Learn how to start running, get better, and everything in between .
Illustration: The Lamen
Humans began running some two million years ago — and it served as a transformative moment in human history as we outran other species in the race of adaptation and natural selection.
Running is simple to get started and has remained a time-tested tradition that not only measures fitness levels but also helps with self-reflection and focus.
Here’s how you can start.
Overthinking is just going to hold you back, but some pre-planning and assigning goals usually works great in the long run.
Before leaving for your first run, there are some boxes to tick: Primarily regarding where your health is right now. If you’re a beginner at running or are carrying some extra weight, it’s best to begin with walking. Work your way up to walking briskly for 2-3 miles a few times a week.
If you experience any pain in your feet, knees, hips, or lower back, it’s best to take things slow. You should get things checked out by a physical therapist since joint pain can be a sign of underlying conditions like arthritis or tendinitis.
People who have a chronic heart or lung condition should consult their primary healthcare provider before starting an exercise routine. This is especially important if you plan to run outdoors but live in an area with poor air quality.
Finally, who should prepare for some discomfort — both mental and physical, since any new physical activity feels uneasy at first. You should listen to your body and stop yourself from over-exertion.
Running can be divided into four milestones for most people:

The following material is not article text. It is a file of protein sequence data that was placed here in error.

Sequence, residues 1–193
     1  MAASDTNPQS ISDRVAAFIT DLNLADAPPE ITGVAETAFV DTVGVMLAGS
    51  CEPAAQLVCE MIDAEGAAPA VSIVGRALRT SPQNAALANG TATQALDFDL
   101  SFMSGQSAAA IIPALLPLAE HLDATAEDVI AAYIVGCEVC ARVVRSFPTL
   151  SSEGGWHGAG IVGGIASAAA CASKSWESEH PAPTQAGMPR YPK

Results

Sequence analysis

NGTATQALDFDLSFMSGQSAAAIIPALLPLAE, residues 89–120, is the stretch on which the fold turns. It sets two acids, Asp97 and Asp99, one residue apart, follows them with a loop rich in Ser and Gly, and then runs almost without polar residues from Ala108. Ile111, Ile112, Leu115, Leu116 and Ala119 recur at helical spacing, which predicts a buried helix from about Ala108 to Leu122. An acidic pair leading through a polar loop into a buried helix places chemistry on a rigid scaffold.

What you should begin by is assigning yourself a goal, and marking the calendar. Keeping things realistic always helps, but you’ll be surprised by what can be achieved in a few weeks: I went from zero running experience to running a 5K 3-4 times every week in just 3 months.
Running is relatively cost-efficient, but you can easily splurge on pricey accessories if you’re really serious about it. Of course, it’s best to invest in some nice shoes, and anything beyond that can be purchased down the road.
Picking the right shoes is all about trying what’s best for you rather than going online to pick one from the top of a “best running shoes” list.
A decent pair of running shoes can last between 300 to 500 miles running. Running apps often allow you to track your miles for a pair. To know if it’s time to replace yours, simply check if the midsoles and outsoles are worn or compressed.
A sports bra is a non-negotiable since running can get very uncomfortable for unsupported breasts — not to mention how it can affect your breasts over time. Avoid wearing cotton in general, since it absorbs sweat.
Wear a lightweight, zip-up jacket in the winter with tight running pants, and pick running shorts and a comfortable T-shirt or tank top during the summer. Additionally, try wearing a hat to protect yourself from the sun.